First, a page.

Well, leave it to France to leave us with two big head-scratchers today. You would think there’s no bigger supporter of free speech than someone who has lost friends and colleagues to psychotic Islam. But a Charlie Hebdo cartoonist has distanced himself from what happened in Texas, claiming their cartoons - featuring the Prophet Muhammad in sexually graphic situations - aren’t anti-Islam.
While on 'Charlie Rose', cartoonist Jean-Baptiste Thoret claimed there was no comparison between the satirical magazine and the Texas event.
"To be honest, I can imagine the kind of comparison you can make between the Charlie Hebdo attack of January 7 and this event, but there is nothing to do [with one another], there is no comparison, absolutely no comparison," he said.
Thoret claimed that the Texas event was explicitly anti-Islam, while Charlie Hebdo criticized all religions.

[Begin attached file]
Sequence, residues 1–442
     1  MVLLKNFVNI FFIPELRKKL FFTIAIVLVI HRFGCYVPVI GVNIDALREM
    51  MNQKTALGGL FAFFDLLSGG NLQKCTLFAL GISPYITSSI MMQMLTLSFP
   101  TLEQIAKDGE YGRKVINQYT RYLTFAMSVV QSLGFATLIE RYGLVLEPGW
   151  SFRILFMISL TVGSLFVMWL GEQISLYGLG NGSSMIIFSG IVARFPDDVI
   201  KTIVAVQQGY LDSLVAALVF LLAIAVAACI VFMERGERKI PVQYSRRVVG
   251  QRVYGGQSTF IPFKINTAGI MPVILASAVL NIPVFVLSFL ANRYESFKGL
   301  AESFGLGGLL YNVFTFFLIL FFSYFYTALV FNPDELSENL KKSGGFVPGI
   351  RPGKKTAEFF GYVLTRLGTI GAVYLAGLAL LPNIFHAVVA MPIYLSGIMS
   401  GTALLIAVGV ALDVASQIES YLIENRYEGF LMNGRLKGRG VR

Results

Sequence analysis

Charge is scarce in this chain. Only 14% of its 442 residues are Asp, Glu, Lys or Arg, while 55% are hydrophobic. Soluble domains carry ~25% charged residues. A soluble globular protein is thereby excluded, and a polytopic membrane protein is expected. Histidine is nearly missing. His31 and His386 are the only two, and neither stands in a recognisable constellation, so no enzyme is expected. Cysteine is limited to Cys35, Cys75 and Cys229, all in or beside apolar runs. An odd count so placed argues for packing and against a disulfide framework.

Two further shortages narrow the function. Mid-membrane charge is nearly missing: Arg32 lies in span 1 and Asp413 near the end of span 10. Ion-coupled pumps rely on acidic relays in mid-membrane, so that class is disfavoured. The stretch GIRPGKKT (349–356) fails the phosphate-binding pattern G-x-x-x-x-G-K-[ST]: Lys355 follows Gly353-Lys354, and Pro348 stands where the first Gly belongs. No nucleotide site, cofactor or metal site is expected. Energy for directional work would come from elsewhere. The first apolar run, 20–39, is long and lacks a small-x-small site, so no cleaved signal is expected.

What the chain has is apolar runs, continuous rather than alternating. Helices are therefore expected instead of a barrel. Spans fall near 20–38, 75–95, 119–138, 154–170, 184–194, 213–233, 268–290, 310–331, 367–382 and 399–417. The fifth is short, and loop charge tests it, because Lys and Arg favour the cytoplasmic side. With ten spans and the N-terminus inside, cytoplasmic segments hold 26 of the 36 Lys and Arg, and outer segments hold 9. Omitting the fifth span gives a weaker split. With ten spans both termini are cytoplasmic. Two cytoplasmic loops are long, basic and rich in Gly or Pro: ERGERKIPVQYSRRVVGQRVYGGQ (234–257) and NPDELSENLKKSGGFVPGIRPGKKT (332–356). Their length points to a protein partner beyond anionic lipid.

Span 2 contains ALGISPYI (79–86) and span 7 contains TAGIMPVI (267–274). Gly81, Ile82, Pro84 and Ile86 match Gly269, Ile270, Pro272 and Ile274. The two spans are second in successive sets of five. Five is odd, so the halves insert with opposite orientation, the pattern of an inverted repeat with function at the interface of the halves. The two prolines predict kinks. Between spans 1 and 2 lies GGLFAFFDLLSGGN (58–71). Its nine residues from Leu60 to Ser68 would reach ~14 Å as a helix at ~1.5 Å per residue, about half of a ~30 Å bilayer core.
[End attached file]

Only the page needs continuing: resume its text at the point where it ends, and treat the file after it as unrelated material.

While Glenn agreed that there is no comparison between the tragedy in France, where 12 people were killed, and the shooting in Texas where only the bad guys were killed, he took issue with where Thoret drew the line. Rather than focus on the tragedies, Thoret criticizes the Texas event as anti-Islam.
"[Charlie Hebdo] are not anti-Islamic. They're an anti-religion group of people," Glenn said after watching the clip. "They have the right to do that. But they do this to the pope and every other religious person. So they're not just anti-Islamic. They're anti-God."
"For this guy to say the Texas movement was anti-Islamic, but their movement is, what, loving? Journalistic?" Pat said. "It's embarrassing."